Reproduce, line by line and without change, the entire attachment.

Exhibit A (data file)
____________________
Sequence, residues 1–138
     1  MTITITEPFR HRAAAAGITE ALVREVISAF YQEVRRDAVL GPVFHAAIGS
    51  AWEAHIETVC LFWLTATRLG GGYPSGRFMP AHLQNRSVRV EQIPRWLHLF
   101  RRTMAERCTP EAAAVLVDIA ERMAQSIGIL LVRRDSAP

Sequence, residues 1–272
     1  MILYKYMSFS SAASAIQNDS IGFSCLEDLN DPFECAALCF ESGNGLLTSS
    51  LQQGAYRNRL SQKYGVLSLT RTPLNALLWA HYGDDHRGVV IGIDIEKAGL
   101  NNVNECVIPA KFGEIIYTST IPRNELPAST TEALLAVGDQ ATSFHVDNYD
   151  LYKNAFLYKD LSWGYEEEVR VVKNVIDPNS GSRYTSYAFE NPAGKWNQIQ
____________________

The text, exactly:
Sequence, residues 1–138
     1  MTITITEPFR HRAAAAGITE ALVREVISAF YQEVRRDAVL GPVFHAAIGS
    51  AWEAHIETVC LFWLTATRLG GGYPSGRFMP AHLQNRSVRV EQIPRWLHLF
   101  RRTMAERCTP EAAAVLVDIA ERMAQSIGIL LVRRDSAP

Sequence, residues 1–272
     1  MILYKYMSFS SAASAIQNDS IGFSCLEDLN DPFECAALCF ESGNGLLTSS
    51  LQQGAYRNRL SQKYGVLSLT RTPLNALLWA HYGDDHRGVV IGIDIEKAGL
   101  NNVNECVIPA KFGEIIYTST IPRNELPAST TEALLAVGDQ ATSFHVDNYD
   151  LYKNAFLYKD LSWGYEEEVR VVKNVIDPNS GSRYTSYAFE NPAGKWNQIQ